You see, a lot of Christians spend a lot of time and effort trying to suppress being natural, and act in an unnatural way. And it repels people. It gives them a false impression of Christianity. They pretend they are too high and holy to talk about normal things with people. Or if someone tells a joke – and I don’t mean a dirty joke, but I don’t mean a real easy one either – if a believer tells it, that’s fine. But if an unbeliever tells it, you know, “I’m too holy to laugh.” You see, people get confused about this because Scripture, of course, speaks of the natural man (who does not accept the things of God) and the spiritual man. But he’s not saying we cease to be natural there, but as a Christian you’re not governed by the natural realm. You have the Holy Spirit so you’re more than the natural. But you don’t cease to be natural. There’s many more verses I can prove that point from, but for time, I will just give you a few closing applications.

These are things we’ve experienced back home in Manchester or in Switzerland. I will sometimes hear Christians talk about going visiting their lost parents or spending some time with them or other lost family members, as if it’s some great chore. You know, “We have nothing to talk about. We can’t talk about anything.” And, I generally point out to people because normally this is asked about. And I remember one time, a brother was asking me and there were three Christian girls cooking in the kitchen. And I said, “Listen to their conversation. They are not speaking about Scripture at the moment, they are talking about normal things. Everyday things.” You see, my point was, you talk about those things with Christians, so why can’t you talk about those things with non-Christians? It gives a completely false impression of what Christianity is, because you’re not like that when you’re around Christians. It’s only when Christians are around unbelievers they can become tense if they fall into this.

Another time I see this is, sometimes, a Christian would say, “I’ve got to go to a family wedding this Saturday, (a lost family wedding or some family party or some other event,)” and then they’ll say in their next word, “but it’s a chance to witness to them.” Now listen, I am not against sharing the Gospel with them if the Lord opens the opportunity there. But you see what’s wrong there? They can’t just enjoy and show love and be kind to their family members. They have to give an apology to other Christians why they are going. And so what normally happens is they go to those things and they are on edge all the time because they’ve told everyone else that they are going to preach the Gospel to someone. And so, they either make a mess of it doing it mechanically or they go home feeling condemned because they never opened their mouth. The only impression they gave to everyone else is “Wow, that person is really on edge.” I think it was brother Ryan Skinner who told us the other day that sometimes when Christians can be like that with lost people, the impression they give is like the Children of the Corn coming at them.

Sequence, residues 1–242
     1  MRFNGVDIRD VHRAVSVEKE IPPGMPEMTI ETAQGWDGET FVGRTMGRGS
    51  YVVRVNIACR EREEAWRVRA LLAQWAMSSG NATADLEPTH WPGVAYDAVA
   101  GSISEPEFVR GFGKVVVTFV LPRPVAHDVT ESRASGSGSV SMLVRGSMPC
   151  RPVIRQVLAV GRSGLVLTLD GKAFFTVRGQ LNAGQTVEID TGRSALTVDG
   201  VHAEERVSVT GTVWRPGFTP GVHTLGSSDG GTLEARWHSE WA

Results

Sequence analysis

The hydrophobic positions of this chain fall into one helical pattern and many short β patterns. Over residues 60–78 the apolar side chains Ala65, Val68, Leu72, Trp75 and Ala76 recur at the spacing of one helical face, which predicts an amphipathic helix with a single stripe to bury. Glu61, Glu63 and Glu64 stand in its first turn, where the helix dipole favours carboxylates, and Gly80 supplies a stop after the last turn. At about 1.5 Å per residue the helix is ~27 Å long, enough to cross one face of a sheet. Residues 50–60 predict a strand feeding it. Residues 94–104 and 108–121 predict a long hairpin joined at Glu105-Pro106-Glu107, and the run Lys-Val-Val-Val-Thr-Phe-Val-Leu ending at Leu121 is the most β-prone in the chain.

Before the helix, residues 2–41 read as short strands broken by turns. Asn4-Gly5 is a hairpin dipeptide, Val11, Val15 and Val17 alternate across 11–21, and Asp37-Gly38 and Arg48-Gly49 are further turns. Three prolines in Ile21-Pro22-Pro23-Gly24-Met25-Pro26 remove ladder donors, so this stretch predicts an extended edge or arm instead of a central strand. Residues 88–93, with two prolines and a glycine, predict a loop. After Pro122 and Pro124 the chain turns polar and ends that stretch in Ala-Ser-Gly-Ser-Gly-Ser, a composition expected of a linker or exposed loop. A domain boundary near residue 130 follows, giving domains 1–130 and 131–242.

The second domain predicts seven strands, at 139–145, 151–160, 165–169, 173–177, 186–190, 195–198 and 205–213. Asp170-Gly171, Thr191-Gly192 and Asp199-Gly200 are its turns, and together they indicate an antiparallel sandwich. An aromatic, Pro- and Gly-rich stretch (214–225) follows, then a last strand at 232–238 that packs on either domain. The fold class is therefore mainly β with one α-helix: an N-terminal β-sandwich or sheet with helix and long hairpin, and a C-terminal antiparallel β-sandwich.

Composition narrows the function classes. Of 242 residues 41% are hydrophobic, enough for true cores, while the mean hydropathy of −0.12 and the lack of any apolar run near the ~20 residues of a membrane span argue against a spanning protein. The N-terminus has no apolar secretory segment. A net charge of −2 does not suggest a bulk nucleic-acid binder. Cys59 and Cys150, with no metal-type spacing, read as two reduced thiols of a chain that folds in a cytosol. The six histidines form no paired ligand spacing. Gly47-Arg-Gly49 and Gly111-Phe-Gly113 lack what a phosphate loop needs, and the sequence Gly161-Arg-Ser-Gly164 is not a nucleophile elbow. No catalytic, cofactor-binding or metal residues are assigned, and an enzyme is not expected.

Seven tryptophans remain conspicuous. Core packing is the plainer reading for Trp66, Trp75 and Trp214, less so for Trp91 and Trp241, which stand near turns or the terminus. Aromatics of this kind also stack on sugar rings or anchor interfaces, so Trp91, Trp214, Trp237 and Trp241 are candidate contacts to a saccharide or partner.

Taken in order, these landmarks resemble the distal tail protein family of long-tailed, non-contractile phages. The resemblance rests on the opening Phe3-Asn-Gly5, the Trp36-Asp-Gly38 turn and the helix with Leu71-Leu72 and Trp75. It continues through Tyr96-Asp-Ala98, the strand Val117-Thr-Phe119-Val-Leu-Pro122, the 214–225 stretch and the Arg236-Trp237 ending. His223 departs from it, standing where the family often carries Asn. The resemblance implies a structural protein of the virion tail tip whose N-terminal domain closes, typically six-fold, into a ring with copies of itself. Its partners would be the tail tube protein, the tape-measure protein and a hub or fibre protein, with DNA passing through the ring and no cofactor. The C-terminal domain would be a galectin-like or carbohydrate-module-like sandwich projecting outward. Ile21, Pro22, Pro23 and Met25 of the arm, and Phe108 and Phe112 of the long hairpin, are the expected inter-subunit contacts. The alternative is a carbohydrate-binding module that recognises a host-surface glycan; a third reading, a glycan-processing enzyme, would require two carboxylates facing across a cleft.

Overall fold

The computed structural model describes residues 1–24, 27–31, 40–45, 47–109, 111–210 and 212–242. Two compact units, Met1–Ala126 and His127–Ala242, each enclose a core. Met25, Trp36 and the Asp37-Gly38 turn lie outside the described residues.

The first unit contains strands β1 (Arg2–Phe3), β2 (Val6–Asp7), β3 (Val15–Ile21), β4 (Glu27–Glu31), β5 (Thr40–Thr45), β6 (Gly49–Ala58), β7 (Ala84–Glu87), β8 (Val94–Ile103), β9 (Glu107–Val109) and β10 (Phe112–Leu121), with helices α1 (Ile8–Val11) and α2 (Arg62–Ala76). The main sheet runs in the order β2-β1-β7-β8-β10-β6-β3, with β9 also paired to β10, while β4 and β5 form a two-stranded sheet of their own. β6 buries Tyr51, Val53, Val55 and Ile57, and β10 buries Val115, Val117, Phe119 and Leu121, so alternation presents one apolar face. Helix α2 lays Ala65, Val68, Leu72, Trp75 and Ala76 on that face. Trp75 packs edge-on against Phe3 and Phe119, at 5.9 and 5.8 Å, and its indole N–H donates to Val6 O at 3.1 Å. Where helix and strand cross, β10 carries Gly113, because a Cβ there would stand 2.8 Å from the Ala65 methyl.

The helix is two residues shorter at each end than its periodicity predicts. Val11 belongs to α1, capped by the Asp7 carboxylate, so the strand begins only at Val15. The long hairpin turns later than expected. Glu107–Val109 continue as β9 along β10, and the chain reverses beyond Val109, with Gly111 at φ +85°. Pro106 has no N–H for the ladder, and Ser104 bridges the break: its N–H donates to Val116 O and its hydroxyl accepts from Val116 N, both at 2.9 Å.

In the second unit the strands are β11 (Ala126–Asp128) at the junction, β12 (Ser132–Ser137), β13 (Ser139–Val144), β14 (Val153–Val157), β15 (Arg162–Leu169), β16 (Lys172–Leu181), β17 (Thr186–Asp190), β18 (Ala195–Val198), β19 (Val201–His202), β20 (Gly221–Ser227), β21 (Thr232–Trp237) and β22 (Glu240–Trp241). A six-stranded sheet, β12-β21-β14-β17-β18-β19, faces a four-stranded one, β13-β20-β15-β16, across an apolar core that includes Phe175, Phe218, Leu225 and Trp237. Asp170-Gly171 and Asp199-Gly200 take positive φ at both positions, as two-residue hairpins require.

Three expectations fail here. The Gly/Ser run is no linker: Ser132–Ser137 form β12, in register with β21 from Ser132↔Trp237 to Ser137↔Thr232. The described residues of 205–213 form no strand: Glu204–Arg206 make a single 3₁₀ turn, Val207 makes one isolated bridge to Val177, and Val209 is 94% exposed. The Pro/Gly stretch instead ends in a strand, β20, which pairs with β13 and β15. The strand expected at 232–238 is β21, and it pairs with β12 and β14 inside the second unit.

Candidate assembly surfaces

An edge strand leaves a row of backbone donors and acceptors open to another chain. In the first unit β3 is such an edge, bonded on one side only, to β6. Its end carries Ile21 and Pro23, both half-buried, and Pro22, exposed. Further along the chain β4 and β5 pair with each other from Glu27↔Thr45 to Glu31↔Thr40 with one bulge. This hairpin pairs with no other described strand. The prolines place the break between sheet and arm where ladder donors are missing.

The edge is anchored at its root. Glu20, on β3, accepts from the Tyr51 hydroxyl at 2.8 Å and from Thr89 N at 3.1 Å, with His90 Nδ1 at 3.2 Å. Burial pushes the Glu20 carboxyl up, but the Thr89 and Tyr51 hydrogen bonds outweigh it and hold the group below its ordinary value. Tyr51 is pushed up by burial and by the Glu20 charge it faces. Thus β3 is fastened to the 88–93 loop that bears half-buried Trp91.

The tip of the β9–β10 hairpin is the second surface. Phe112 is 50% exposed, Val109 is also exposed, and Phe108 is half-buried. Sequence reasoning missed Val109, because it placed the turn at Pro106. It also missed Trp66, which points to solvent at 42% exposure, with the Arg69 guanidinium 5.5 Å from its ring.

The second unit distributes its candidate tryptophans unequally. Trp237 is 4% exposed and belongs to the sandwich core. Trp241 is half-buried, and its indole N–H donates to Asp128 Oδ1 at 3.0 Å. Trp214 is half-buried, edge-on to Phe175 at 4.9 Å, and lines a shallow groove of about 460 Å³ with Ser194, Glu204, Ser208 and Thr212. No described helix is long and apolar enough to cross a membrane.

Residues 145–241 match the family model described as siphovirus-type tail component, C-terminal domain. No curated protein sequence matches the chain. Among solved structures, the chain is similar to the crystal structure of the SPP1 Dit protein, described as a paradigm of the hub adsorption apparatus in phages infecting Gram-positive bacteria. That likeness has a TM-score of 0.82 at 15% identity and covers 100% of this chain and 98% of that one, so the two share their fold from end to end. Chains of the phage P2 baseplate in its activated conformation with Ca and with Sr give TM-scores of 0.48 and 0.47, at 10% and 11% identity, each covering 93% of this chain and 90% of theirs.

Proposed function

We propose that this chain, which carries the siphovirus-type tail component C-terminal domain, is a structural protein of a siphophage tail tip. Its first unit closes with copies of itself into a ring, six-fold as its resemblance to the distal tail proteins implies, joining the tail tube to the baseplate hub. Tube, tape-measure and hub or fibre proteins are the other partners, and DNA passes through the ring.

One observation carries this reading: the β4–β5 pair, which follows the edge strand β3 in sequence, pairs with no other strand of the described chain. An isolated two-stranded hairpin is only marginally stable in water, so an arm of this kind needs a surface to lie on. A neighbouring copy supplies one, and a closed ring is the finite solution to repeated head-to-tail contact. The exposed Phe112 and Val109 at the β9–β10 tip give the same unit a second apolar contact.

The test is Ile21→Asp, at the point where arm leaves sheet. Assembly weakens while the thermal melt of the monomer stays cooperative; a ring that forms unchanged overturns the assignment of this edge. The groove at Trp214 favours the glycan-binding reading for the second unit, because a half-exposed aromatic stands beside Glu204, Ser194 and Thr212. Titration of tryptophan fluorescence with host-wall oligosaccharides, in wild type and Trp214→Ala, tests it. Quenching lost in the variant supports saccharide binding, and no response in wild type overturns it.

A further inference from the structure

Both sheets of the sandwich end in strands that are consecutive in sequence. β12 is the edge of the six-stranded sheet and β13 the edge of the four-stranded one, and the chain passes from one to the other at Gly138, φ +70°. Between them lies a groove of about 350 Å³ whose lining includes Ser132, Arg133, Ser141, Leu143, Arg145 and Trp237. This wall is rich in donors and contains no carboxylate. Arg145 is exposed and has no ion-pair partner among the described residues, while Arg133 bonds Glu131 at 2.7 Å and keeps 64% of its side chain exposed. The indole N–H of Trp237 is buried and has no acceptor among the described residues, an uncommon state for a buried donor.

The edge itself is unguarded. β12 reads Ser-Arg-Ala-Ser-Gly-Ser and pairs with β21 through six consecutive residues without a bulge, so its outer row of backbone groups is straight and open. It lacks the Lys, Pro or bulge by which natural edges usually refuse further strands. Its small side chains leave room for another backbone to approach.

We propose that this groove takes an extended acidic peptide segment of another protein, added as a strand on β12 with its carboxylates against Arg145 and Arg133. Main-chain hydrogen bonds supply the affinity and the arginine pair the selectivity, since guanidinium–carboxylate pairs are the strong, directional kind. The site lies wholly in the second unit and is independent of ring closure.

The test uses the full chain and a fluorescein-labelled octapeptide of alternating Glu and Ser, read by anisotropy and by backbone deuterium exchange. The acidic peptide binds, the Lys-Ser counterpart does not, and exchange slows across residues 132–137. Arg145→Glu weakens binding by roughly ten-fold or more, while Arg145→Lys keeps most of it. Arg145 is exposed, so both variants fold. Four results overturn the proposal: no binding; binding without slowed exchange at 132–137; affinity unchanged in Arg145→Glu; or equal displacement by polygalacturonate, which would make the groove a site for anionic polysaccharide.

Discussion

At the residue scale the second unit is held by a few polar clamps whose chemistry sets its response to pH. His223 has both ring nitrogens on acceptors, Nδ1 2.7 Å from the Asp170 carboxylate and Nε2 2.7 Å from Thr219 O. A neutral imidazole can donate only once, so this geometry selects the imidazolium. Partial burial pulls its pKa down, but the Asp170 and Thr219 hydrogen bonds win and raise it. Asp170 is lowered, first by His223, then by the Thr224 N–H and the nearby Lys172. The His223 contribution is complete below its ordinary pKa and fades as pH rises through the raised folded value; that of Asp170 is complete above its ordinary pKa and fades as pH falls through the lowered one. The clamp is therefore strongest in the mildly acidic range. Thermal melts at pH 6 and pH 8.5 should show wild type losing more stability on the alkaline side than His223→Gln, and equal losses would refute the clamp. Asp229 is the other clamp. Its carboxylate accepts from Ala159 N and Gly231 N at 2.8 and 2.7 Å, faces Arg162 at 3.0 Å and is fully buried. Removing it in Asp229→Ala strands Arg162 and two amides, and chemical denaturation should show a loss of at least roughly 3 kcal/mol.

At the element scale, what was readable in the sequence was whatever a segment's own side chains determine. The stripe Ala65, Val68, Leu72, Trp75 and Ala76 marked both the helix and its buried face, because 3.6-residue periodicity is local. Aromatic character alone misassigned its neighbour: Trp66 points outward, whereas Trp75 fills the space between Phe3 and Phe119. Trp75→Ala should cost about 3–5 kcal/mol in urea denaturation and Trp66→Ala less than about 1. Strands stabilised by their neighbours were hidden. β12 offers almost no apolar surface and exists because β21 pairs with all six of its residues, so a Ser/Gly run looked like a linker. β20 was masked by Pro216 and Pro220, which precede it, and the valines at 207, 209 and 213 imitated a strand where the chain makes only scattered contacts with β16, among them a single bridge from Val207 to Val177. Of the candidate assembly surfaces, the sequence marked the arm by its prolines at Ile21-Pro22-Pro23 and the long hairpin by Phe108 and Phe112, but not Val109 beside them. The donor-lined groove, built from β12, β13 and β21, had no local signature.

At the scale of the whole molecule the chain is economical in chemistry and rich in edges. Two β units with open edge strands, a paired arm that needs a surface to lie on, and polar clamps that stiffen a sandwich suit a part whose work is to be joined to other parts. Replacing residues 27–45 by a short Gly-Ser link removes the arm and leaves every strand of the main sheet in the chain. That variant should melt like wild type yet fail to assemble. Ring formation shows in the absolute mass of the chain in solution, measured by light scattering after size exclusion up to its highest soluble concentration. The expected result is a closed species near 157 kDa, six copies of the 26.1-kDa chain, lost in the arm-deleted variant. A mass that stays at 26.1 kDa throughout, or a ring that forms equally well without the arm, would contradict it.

But you know, when you’re reaching, when you’re around lost people, you don’t have to witness to them all the time or every time. Don’t appear standoffish or unnatural. You know, those you’re with regularly, again, show them your life first. Show them a change – how kind and warm you are – and they’ll see a difference. You know, I hear this phrase today, “You can’t live the Gospel.” Has that person never read 1st Peter? The whole book is about living the Gospel, as the brother said before, “We are the fifth gospel.” Treasure in hidden vessels. It’s a lot harder, it takes a lot more love to live the Gospel around people than just to say a few words and run. You know, tick that box and leave them. Again, I always ask that question, What impression of the kingdom of God am I giving unbelievers? Am I giving them an impression that being a Christian looks something like a Pharisee, or that I really love them and I’m kind to them as Christ was to me. That it’s a relationship with a person, it’s joy.

Let’s pray. Our Father, I know these words, these truths have been so helpful in my own life and for other brothers and sisters in Europe. And I know, what was once tense relationships, the walls have come down so quickly by applying these truths of persevering and not being quickly to cut off and defriend; and just being normal, natural, taking an interest in people, and showing love. People have even come to Christ who was once separated from the Christian by an impression of a pharisee. I pray You would help the brothers and sisters here, all who hear this word, help us Lord to be in their lives, to be reaching our lost family members, neighbors, those whom You put our way. We need Your Holy Spirit to have this love like Paul, so we don’t quickly cut people off. We thank You that You did not cut us off. That, Lord, how badly we have been even since our conversion, never mind before. And yet, You persevered with us and You were cut off in our place. We praise You in Jesus’ name, Amen.


Kevin Williams pastors in Manchester, England | http://gfmanchester.com/